• Greg Powell

How much should we proclaim the Good News?

Updated: Jan 6

Some religious folks are content essentially passively holding their 'nugget' of the truth, however they might interpret that. Christians, however, have the burden of 1. "making disciples of people everywhere" (aside: "disciple" does not necessary mean "one who identifies as Christian") and of 2. sharing the Good News.

But what is the Good News? How are we to share this Good News? How much time and effort should we spend sharing the Good News vis-a-vis all the other calls on our lives (like feeding the hungry, visiting the prisoner, etc.)

The simplest answer: it depends.

The slightly more complicated answer: probably more time and effort than we do now.


First, what is the Good News? Good News is the English translation of the Greek gospel. Pin-pointing its precise definition is actually rather difficult. I take it to mean the 'nugget' of Christianity, which is the promise of new life. Others might take the nugget to be salvation, or reconciliation, or redemption, or an eternity in Heaven...those all have solid Biblical rationale.


Boiling down the life and ministry of Jesus to any one thing is impossible and disingenuous to this complex person. But the overall arc of Jesus's life, death, and resurrection parallels what we learn from ecology and from human resilience in general. There is life, there is death, then there is life again. Or maybe this: there is life, there is adversity, then there is adaptation. Or maybe this: there is life, there is brokenness, there is reconciliation. Even when things seem terrible, like humanity faces an existential threat, or like ecosystems are on the brink of collapse, the gospel reminds us that there is more. There is always more. God assures us of this.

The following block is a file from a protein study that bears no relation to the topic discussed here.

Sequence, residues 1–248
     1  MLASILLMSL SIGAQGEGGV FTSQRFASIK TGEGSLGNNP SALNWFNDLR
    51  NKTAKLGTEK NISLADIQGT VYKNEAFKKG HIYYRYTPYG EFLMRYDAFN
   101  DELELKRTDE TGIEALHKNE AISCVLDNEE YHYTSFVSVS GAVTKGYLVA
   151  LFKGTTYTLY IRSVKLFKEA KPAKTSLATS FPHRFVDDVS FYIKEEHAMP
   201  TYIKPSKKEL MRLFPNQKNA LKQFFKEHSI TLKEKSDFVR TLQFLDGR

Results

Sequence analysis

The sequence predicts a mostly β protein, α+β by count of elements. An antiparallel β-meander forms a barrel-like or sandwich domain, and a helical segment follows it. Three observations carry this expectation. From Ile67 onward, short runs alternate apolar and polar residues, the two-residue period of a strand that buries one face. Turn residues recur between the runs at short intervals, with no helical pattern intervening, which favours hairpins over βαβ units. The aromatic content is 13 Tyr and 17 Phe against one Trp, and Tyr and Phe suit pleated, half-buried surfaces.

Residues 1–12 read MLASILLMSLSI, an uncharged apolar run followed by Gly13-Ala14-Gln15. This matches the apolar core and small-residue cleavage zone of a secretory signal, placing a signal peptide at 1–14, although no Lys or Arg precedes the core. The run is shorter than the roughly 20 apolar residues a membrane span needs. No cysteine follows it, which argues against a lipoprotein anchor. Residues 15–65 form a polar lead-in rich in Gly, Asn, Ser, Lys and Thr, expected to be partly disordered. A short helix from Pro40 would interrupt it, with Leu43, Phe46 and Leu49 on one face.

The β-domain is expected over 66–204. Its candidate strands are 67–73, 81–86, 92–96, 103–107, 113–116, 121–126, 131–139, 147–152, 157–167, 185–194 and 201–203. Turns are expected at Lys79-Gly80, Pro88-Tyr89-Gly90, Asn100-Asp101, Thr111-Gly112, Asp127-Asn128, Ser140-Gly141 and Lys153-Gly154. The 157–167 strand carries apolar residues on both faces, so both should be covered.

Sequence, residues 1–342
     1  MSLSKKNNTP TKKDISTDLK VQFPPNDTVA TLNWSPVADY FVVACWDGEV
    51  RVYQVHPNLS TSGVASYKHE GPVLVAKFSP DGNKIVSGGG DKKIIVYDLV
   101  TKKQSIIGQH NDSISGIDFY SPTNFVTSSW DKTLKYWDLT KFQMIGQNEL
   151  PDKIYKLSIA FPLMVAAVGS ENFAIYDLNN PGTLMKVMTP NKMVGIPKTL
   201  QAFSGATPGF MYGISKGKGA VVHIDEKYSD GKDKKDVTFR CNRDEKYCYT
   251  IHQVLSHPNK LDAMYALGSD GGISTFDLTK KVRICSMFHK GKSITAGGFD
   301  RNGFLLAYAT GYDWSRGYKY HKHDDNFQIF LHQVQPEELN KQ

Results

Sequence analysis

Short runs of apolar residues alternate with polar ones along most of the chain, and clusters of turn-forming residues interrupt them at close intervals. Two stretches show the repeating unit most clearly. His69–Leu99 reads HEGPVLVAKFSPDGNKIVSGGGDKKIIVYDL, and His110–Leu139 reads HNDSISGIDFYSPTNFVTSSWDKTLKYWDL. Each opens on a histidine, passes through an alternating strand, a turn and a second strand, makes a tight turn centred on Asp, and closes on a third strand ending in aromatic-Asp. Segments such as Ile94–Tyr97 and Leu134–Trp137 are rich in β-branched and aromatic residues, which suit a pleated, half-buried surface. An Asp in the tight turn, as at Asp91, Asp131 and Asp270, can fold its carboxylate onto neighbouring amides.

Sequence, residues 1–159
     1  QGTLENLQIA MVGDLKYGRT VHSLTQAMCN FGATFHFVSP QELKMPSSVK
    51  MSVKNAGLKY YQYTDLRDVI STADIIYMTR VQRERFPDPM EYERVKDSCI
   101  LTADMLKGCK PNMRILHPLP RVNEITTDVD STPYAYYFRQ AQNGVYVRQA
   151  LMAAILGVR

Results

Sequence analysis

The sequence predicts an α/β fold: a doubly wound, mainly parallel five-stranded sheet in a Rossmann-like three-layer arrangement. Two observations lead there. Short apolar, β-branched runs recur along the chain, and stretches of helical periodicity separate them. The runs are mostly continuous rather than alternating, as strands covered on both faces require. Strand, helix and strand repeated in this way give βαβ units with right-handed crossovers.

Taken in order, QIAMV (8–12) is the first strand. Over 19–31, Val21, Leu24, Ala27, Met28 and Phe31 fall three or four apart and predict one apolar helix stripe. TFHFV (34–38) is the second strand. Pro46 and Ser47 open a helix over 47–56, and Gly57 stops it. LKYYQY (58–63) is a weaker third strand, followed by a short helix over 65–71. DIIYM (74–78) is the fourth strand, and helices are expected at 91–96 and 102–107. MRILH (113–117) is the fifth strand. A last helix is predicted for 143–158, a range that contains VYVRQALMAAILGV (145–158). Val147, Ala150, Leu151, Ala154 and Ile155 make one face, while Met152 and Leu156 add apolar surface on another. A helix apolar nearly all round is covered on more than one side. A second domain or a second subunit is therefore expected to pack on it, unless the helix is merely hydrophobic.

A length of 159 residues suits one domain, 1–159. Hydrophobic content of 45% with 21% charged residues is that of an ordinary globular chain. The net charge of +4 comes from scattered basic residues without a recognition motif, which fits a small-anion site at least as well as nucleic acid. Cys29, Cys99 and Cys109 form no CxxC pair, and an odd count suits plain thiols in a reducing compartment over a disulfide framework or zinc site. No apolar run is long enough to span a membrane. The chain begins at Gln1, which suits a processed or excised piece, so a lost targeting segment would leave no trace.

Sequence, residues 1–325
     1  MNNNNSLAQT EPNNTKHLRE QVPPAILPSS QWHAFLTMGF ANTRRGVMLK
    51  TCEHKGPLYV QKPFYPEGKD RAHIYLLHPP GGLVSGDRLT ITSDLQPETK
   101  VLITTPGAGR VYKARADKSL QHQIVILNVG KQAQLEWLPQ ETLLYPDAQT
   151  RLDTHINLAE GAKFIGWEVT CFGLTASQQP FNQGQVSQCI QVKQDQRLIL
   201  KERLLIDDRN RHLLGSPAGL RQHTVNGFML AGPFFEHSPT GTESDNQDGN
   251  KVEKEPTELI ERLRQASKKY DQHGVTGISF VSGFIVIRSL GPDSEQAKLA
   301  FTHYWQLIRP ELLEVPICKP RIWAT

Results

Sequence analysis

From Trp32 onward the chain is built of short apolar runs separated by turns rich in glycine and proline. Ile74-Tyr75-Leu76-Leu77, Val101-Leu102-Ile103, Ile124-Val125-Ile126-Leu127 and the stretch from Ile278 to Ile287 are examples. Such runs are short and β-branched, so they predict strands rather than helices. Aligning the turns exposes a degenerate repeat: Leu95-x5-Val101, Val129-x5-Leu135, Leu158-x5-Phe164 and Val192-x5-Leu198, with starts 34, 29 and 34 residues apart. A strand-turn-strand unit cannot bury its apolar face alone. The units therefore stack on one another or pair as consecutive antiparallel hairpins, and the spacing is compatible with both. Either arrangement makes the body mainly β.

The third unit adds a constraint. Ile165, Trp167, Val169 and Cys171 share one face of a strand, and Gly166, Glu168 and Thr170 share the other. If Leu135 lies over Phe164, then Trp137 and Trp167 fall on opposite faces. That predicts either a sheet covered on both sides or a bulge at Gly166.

So, on the one hand, especially in times of despair we should spend a good deal of our time and energy reminding ourselves and others of the gospel message of new life. The Christian dilemma stems from there being multiple, simultaneous calls on our lives and we have to prioritize each of them.


To what degree do you feel called to actively share the Good News?

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